From big to small, fast to, uhm, “possession,” Miami has a great receiver corps this year. The depth in this group is among the best of any position on this team and could be the thing that propels their QB forward, no matter who it is. Here are the guys who figure to be contributors this season.
Richards will no doubt be the Canes’ go-to wide receiver and, hopefully, he will show more consistency and confidence in a fully healthy season. Richards’ game-breaking ability was never on full display in his injury-marred sophomore year like it was as a freshman. After pulling his hamstring in August and then injuring it again against Duke, it was clear that the Wellington product never really got over his injury and regained his confidence. He dropped multiple passes against Florida State the next week and then sat out against Georgia Tech.
He soldiered on, showing his toughness in gutting it out to play in a total of seven games before a crushing practice injury, a torn meniscus, ended his season fully on November 29, just days before Miami’s ACC Championship debut.
It’s hard to say what Richards’ needs to improve; his sophomore season was very much a lost year and he didn’t have the same speed that he showed off week after week in 2016. He will need to continue to refine his routes, like any receiver, and get better at catching the ball before it gets into his pads. But just another season without injury should work wonders for the junior and remind everyone why he broke Michael Irvin’s freshman receiving record.
Joining a long line of Miami burners, Thomas had the biggest and earliest impact of the 2017 freshman WR class. Thomas caught 17 passes for 374 yards and two touchdowns last season and could see much bigger numbers with, not only a larger role, but better downfield accuracy from the Quarterback position.
Thomas has big shoes to fill with Braxton Berrios gone, but while he won’t fill the same type of role, he will likely see a lot of time in the slot and be in direct competition for the no. 2 receiving job. If he can continue to improve the intricacies of his game, such as making his route running sharper, then he should blossom into more than just a deep threat, one-trick pony.
A junior this season, Cager will have first crack at the starting lineup once more, but will see stiffer competition as well. Anyone who watches him can tell you how much potential there is for the 6’5” wideout but getting him to reach it has been the biggest issue. Injuries and inconsistency has kept Cager from making a bigger impact and last year, while playing in only eight games, he had less receptions than Jeff Thomas.
You can’t teach height, and it’s his combination of size and solid athleticism that continues to make Cager an intriguing prospect. He has all the tools to be not only the best complement to Ahmmon Richards, but a true 1B option that would keep defensive coordinators up at night. If Cager can finally put it all together, he could have a career year. If not, he’ll be another example of potential not fully realized.
The Rotational Players
Langham will always hold a special spot in my heart for what he did against FSU and Georgia Tech. That being said, the possession receiver’s lack of speed hurt him toward the latter part of the season as Miami tried to stretch the field. Langham should continue to make plays and might be a bigger red zone option this coming season, but his inability to consistently separate from the defense will see him take a back seat to other receivers.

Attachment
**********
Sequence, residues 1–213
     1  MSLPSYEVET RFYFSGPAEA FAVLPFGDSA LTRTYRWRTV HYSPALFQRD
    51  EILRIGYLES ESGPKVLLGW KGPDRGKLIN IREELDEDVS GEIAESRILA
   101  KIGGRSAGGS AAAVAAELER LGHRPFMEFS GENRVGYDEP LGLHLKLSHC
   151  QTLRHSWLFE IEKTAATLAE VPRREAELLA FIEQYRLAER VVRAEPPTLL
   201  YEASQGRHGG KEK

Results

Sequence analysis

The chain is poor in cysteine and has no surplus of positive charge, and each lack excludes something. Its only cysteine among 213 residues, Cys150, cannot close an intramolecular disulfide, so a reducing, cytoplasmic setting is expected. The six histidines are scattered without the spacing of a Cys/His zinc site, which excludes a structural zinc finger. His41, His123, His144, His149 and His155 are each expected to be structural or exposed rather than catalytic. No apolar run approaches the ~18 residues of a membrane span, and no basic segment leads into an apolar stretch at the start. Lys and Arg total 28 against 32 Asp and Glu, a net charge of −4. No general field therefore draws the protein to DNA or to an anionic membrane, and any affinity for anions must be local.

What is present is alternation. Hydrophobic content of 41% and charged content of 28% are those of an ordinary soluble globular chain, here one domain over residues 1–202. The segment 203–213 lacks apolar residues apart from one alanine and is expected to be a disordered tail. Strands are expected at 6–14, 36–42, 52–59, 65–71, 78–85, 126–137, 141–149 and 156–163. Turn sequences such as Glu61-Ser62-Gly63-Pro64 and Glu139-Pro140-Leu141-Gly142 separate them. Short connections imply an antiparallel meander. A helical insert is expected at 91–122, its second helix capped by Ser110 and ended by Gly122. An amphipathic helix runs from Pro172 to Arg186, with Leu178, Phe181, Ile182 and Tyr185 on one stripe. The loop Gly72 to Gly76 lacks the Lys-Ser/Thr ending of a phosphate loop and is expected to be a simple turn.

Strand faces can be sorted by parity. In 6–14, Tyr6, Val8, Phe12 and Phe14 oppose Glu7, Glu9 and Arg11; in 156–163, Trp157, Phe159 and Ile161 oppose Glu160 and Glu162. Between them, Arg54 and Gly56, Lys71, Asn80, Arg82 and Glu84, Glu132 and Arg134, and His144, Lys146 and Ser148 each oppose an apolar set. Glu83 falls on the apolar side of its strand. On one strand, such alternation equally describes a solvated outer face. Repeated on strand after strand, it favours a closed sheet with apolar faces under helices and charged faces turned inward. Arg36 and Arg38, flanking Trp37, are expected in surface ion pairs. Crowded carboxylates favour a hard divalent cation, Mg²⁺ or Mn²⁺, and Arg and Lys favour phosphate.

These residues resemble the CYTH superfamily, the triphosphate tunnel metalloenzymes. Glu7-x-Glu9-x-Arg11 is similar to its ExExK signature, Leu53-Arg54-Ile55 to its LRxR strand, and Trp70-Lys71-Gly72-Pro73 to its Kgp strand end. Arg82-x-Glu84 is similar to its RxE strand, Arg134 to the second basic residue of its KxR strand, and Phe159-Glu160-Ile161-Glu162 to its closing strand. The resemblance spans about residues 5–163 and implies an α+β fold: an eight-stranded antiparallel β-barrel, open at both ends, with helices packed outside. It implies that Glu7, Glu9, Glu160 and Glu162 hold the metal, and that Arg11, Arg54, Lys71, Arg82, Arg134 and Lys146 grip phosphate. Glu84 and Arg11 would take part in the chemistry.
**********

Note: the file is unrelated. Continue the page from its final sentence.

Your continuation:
If Cager falters, Harley could definitely see a starter-esque role this coming season. Harley had just nine receptions and 91 yards last year but the speed demon could give the Canes a track speed threesome of himself, Richards and Thomas. In order to do so, he will have to show enough polish to get starter-quantity reps. Again, the deep ball accuracy at QB will need to improve to take full advantage of the field stretchers that the Canes’ have at receiver.
The New Guys
It’s hard to determine what kind of role the new guys will get or if they will even see playing time. Miami’s depth at receiver could mean that some really good recruits get the redshirt in 2018. Regardless, here are the young guns that could sneak onto the field.
The unquestioned star of the spring game, Hightower grabbed four receptions and gained over 100 yards and two touchdowns. If he can keep it up in spring camp, the coaching staff will have no choice but to see what the 6’3” wideout can do in real-game reps.
Wiggins is another early enrollee and big-body receiver who got involved in the spring game, grabbing two passes for 20 yards. Wiggins will likely be a redshirt recipient but could see some playing time in 2018 if he shows off his combination of size and speed and has enough polish to be a situational asset.
Pope may see the field early with his elite speed, although his playing time might be special teams-focused, utilized as a returner more so than a WR. Regardless, if he makes an impact early while returning kicks and punts, a job vacant with Berrios gone, the coaching staff should see what he can do on offense as well.
The four star from Georgia isn’t the biggest or the fastest of the Miami wideouts. But his ability to win the 50/50 ball and be an enticing target for his QB with his large frame should give him a chance in the summer. He could be another redshirt recipient as he continues to improve his overall game.
David’s brother is sort of a receiver/tight end tweener at 6’6” and only 196 pounds. He was redshirted last year after injuring his knee in practice and will probably have an uphill fight to see significant playing time on a team that is loaded at WR. However, with as many towering receivers are on this roster, Njoku could make a difference if he proves to be the best red zone specialist in practices.